PostHeaderIcon Ship strikes

Ship strikes of cetaceans are an issue of growing concern internationally. With the increase in the number, size and speed of ships, the threat of ship strikes of cetaceans may also increase and thus there have been calls for the Organization to take action to minimize this threat.
Collisions between cetaceans and ships occur worldwide where there is an overlap between cetaceans and vessel activities. Such collisions involve a wide variety of vessel types, including recreational, commercial and governmental vessels. Damage to vessels, ranging from minor to extreme, has resulted from ship strikes of cetaceans. Such damage includes cracked hulls; damaged propellers, propeller shafts, and rudders; damaged port and starboard aft strut actuators; broken steering arms; and ruptured seawater piping. In some cases, in particular involving large vessels, captains may be unaware that a collision with a cetacean has occurred.
Although the vulnerability among species varies, a wide variety of cetaceans have been involved in ship strikes. Evidence of a strike has been noted by blood in the water; animals seen with cuts; propeller gashes or severed tailstocks; animals observed sinking after strikes indicating death; fractured skulls, jaws, and vertebrae; or haemorrhaging, massive bruising or other injuries noted during a necropsy of an animal. There are gross and histological evidence of sharp and blunt trauma in such species as fin whales (Balaenoptera physalus), and sperm whales (Physeter macrocephalus) killed by vessels. Improvements in necropsies have resulted in the ability better to identify when a ship strike results in the death of a whale. Notwithstanding, many animals subject to ship strikes likely go undetected or unreported because ship strikes may occur in remote areas or the carcasses may sink or drift out to sea.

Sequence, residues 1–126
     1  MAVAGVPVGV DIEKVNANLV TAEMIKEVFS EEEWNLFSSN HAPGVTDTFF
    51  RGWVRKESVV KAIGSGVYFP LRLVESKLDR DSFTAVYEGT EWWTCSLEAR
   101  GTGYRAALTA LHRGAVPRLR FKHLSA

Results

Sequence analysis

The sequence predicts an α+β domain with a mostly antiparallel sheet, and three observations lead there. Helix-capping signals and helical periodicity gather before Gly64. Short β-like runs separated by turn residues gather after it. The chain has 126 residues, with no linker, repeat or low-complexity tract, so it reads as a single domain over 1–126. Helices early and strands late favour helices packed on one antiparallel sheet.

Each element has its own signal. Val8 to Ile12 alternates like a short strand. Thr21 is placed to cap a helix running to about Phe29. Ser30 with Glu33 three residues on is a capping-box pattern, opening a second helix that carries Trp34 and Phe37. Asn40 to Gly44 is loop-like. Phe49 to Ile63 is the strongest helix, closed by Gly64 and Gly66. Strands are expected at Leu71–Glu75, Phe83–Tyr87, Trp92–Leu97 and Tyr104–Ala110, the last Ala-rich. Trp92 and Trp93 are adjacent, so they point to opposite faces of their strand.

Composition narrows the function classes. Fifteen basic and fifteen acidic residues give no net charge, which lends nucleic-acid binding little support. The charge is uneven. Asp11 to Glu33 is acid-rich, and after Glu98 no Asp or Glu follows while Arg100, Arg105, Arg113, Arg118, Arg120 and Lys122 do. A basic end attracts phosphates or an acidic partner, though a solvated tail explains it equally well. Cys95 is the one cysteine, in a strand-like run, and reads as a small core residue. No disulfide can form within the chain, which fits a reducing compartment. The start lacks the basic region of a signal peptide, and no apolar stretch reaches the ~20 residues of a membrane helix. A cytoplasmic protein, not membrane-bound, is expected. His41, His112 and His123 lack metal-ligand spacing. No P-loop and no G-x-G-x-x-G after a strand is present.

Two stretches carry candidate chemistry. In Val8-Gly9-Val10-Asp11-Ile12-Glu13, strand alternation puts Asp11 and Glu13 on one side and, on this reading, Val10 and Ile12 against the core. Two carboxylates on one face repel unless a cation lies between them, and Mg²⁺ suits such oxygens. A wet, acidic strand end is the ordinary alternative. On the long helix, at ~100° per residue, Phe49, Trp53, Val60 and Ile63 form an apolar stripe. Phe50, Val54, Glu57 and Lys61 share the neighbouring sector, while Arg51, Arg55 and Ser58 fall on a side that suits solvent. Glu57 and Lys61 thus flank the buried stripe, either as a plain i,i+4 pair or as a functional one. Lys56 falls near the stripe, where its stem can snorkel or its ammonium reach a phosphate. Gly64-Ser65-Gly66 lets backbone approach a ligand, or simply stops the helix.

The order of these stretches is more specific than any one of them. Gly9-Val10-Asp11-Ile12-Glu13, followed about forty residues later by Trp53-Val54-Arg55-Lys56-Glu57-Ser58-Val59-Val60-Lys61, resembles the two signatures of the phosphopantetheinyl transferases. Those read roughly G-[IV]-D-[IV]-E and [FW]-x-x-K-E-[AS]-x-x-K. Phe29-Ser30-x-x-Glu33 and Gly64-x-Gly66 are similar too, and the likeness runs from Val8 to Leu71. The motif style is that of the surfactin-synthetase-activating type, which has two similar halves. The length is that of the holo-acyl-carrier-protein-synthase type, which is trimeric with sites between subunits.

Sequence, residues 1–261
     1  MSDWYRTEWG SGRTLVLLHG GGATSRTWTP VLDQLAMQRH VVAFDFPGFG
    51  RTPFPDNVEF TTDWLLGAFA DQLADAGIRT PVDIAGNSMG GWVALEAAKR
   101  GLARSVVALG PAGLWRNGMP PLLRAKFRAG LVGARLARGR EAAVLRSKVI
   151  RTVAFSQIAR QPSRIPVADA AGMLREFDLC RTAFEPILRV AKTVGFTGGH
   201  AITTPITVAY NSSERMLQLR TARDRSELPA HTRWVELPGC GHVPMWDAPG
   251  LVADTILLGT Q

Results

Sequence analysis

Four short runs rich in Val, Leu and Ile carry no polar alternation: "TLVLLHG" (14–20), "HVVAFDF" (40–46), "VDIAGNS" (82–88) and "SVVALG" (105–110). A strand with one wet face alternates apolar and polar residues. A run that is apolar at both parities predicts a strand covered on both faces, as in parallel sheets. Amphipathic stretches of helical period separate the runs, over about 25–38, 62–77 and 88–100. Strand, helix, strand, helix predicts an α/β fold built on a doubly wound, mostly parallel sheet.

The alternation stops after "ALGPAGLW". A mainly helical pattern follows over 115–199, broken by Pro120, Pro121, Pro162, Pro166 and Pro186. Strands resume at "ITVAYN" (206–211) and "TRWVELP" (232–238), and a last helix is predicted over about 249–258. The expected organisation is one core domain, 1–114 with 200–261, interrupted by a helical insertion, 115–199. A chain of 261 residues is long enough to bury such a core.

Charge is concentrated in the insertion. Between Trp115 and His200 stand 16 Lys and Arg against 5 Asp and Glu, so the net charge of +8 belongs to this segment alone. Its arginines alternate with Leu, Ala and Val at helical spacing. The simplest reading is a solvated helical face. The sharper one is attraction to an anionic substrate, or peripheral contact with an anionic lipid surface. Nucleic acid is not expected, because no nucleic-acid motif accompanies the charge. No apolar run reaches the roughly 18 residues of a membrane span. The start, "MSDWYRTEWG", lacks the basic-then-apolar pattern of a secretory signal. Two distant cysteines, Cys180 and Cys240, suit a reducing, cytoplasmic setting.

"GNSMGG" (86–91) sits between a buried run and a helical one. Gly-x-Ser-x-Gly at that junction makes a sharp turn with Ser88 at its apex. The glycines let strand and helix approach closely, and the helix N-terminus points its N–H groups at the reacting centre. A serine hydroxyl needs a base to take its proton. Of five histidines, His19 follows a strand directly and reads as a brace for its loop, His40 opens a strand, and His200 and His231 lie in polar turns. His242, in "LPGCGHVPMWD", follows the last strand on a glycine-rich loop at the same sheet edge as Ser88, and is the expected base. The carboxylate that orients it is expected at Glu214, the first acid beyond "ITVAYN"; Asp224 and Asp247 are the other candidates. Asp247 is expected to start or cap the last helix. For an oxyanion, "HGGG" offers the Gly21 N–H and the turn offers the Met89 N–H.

In a marine region where vessel traffic and other human activities are as intense as in the Agreement area, disturbance is also a source of considerable concern for the continued survival of cetacean populations. However, again, the need for a better understanding of the mechanisms affecting cetaceans and their long-term effects on populations appears as imperative. The potential of vessel traffic, collisions with ships, noise from various sources (shipping, industrial, coastal construction, dredging, mineral prospecting, military, etc.), and a growing commercial whale watching industry, to negatively affect the status of cetaceans in the Agreement area adds to the threats described above.
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Last Updated (Wednesday, 08 January 2014 13:44)

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